This review was originally published on

Swiss army knife for musicians (Tech 21 - SansAmp Para Driver DI)

By MountAnDewMe, 15/01/2013
The Sans Amp Para Driver DI by Tech 21 is probably one of the most overlooked but intuitively usefull tools every musician should own. Built primararly to be a Direct Interface, which it does well, it goes well beyond the scope of any normal DI box. This is an analog DI that can be powered by a nine volt battery, an AC adapter, or by phantom power. It offers one quarter inch input, a quarter inch parallel uneffected output, one quarter inch effected output, and one effected XLR output. There is one true bypass footswitch on the pedal. There are six large knobs that control level, treble, mid, mid shift, bass, drive, and 1 mini knob to controll the blend of the Sans Amp simulator. In addition to this there are three switches, two that controll the output level between line and instrument level on the two effected outputs and a third to select phantom power and a ground connect switch.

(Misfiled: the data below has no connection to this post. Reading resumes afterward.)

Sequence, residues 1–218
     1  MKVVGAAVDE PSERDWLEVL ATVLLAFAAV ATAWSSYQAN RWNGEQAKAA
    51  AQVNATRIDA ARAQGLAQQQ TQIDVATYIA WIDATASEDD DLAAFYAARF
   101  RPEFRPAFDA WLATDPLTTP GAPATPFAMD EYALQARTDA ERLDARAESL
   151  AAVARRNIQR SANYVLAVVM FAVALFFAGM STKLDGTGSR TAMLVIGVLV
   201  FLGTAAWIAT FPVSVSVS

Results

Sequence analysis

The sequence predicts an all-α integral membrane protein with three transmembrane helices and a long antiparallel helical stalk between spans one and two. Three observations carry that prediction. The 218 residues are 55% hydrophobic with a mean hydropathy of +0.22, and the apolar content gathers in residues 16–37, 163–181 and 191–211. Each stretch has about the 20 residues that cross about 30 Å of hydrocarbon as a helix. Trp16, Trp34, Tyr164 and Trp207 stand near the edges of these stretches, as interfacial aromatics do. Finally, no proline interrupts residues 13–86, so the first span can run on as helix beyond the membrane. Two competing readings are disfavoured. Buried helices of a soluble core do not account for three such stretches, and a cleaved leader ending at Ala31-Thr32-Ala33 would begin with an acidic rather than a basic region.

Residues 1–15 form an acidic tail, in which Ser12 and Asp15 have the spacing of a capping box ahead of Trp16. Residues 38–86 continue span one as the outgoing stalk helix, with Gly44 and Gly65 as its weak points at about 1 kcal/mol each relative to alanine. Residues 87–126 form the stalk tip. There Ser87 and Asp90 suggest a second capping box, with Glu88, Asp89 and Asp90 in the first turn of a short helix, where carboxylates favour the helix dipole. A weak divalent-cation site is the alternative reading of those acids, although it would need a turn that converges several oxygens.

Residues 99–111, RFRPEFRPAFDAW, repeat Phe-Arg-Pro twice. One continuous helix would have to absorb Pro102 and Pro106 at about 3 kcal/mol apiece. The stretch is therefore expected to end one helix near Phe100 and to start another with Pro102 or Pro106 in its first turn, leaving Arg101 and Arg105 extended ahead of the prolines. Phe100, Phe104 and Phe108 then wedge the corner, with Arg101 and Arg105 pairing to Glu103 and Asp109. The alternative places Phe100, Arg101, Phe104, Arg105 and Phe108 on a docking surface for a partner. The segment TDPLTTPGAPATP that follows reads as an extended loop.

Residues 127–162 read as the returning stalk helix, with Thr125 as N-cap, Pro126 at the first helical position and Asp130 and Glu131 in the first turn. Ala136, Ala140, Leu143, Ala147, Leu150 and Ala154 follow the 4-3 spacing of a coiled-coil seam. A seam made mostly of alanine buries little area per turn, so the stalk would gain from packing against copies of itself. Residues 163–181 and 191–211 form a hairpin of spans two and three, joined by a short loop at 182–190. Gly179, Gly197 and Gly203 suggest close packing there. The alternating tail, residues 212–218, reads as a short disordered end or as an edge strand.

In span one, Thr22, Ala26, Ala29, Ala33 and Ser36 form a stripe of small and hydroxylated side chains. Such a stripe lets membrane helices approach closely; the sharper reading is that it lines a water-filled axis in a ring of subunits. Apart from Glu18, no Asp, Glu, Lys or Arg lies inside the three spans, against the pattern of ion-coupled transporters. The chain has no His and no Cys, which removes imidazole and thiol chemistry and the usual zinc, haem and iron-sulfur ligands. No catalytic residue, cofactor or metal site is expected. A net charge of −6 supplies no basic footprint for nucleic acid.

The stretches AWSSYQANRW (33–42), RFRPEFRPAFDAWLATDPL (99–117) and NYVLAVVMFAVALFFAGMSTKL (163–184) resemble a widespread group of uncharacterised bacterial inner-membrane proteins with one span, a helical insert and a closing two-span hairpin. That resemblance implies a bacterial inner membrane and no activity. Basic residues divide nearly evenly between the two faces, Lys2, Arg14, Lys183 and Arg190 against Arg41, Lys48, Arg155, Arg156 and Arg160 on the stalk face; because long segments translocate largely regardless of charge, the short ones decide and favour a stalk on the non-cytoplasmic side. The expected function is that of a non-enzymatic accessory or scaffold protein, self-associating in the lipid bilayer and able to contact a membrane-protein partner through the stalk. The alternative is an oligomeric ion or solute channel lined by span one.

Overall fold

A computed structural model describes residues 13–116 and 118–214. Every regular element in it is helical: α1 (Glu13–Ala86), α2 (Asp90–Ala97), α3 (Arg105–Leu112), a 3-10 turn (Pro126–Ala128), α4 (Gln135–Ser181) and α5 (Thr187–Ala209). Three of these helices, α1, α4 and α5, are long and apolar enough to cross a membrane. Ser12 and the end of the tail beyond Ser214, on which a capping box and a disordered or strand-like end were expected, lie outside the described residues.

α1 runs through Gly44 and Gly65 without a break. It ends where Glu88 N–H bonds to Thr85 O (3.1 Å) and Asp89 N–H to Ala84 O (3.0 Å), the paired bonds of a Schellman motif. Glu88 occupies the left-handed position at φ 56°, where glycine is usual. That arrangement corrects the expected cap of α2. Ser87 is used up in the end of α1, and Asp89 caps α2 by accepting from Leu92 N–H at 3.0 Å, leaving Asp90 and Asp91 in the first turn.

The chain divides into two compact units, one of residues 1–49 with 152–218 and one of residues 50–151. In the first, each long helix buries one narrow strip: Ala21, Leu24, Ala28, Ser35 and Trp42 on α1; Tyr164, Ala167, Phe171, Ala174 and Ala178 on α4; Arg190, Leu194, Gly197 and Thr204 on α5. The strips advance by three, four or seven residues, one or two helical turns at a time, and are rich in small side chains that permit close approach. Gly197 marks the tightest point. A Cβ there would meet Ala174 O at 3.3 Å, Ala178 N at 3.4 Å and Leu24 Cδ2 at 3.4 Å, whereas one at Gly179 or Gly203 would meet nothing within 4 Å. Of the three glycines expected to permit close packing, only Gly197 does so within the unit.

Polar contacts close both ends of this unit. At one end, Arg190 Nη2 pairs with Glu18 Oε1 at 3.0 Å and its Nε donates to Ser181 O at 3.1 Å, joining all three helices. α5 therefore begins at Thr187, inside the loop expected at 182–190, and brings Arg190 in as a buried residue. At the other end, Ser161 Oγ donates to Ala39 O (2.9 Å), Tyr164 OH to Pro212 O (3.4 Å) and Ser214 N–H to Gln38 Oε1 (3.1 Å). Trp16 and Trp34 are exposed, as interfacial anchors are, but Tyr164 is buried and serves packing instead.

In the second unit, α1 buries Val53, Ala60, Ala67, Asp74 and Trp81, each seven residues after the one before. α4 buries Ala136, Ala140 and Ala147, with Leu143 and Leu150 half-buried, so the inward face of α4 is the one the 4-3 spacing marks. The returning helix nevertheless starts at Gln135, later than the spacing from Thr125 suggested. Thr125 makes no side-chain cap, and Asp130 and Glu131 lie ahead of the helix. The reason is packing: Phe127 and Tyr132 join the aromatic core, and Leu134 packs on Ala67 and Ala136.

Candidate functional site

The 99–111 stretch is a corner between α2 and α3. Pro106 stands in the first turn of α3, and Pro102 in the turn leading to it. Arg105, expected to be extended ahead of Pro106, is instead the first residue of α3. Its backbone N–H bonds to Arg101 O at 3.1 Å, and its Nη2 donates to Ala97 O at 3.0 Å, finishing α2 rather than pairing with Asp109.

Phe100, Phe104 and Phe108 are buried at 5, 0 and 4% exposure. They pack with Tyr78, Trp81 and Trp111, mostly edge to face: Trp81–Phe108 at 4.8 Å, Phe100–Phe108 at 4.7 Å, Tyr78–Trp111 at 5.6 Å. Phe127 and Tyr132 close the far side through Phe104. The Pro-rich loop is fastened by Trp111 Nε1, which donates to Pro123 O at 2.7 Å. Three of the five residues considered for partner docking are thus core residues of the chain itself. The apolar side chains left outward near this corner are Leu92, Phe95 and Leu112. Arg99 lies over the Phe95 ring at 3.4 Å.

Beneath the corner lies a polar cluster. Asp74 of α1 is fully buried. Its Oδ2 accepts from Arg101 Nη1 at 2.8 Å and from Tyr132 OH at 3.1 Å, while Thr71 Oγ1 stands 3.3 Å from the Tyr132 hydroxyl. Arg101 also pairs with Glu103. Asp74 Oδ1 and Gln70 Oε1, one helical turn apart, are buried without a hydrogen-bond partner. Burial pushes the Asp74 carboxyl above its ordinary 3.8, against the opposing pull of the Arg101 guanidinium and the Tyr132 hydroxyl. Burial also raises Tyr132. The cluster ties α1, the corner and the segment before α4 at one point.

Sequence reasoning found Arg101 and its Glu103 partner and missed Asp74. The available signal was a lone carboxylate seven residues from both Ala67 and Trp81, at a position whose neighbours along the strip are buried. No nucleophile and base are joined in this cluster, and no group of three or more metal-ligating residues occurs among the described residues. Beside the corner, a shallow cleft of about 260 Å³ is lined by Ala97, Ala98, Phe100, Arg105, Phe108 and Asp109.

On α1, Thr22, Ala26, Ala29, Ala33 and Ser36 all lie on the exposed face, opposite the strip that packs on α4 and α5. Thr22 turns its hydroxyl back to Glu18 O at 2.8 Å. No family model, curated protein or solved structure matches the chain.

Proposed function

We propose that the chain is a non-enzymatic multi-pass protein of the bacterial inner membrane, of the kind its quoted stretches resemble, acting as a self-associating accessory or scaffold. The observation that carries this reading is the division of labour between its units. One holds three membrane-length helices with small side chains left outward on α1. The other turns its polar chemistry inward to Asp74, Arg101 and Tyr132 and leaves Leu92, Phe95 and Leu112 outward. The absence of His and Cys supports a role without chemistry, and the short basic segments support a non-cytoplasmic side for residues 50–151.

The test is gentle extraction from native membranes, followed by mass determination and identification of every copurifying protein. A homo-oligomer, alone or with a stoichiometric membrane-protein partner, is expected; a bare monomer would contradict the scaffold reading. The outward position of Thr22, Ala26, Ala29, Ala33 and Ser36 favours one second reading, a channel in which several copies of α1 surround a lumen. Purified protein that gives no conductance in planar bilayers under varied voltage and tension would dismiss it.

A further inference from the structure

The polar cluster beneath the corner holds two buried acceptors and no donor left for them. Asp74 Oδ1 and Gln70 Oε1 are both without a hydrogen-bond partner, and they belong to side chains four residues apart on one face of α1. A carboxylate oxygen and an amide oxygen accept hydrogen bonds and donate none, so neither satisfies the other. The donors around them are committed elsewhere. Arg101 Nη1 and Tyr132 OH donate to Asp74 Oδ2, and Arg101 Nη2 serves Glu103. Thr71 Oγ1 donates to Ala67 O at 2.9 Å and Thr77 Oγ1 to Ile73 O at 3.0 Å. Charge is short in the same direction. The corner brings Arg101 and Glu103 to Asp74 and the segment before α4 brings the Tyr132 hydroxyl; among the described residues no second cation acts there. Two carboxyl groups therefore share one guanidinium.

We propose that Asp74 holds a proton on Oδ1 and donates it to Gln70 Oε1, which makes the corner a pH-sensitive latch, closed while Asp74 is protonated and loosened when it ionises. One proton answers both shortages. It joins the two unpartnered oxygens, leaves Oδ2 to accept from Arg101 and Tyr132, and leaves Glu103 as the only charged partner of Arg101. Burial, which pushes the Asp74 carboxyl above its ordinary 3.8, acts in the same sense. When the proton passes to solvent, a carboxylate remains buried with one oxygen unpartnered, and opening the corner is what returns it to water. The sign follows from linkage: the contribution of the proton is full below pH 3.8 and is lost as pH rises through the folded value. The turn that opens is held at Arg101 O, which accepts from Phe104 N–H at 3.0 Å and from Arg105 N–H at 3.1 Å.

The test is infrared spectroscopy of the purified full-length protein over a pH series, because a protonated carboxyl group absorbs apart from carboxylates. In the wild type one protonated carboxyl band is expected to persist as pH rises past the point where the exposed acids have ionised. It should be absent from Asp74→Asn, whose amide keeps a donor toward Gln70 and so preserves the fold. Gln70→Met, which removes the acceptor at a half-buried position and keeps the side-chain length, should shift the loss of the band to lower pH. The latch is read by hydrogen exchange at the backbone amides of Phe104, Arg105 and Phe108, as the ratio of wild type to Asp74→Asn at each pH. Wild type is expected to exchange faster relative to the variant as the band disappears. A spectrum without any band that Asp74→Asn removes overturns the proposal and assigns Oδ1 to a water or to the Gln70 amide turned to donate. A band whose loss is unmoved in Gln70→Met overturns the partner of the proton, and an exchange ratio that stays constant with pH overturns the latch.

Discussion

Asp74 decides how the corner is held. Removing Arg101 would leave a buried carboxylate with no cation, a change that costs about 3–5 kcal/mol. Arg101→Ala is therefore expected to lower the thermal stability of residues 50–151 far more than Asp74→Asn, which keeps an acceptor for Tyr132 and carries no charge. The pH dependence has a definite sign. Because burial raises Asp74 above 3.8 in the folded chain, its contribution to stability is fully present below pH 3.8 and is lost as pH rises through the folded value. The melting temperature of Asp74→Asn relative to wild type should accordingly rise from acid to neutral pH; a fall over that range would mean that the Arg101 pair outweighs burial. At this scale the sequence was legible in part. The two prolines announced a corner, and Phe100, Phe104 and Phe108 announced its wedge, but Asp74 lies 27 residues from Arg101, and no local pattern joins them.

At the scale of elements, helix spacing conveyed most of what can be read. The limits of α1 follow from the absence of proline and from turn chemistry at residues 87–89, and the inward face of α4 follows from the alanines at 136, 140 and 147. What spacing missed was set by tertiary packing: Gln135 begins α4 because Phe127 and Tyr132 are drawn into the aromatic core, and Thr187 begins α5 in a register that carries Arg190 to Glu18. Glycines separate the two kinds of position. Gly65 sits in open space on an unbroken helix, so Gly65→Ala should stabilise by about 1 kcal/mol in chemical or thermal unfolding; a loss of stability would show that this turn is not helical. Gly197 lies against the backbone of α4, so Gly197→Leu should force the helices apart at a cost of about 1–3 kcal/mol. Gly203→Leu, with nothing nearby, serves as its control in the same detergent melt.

Unlike many pedal manuals Tech 21 sends a very informative guide to the operation of the pedal and its many components. Along with that there are many examples of setups provided for use with guitar, both acoustic and electric, bass, keyboard, and more. This pedal truely is useful across the range of amplified instruments. The use of this pedal is very straight forward but does require some experimentation to gett the feel of it. The controls are extremely interactive which allow for drastic changes with minimal adjustments. It can be made to not sound the way you want if you treat it as a general tone shaping device as the knobs require a high level of familiarity, similar to the way you would dial in a Mesa Boogie Recto. It is not a deficiency of the unit but a testament of how powerful the shaping qualities can be.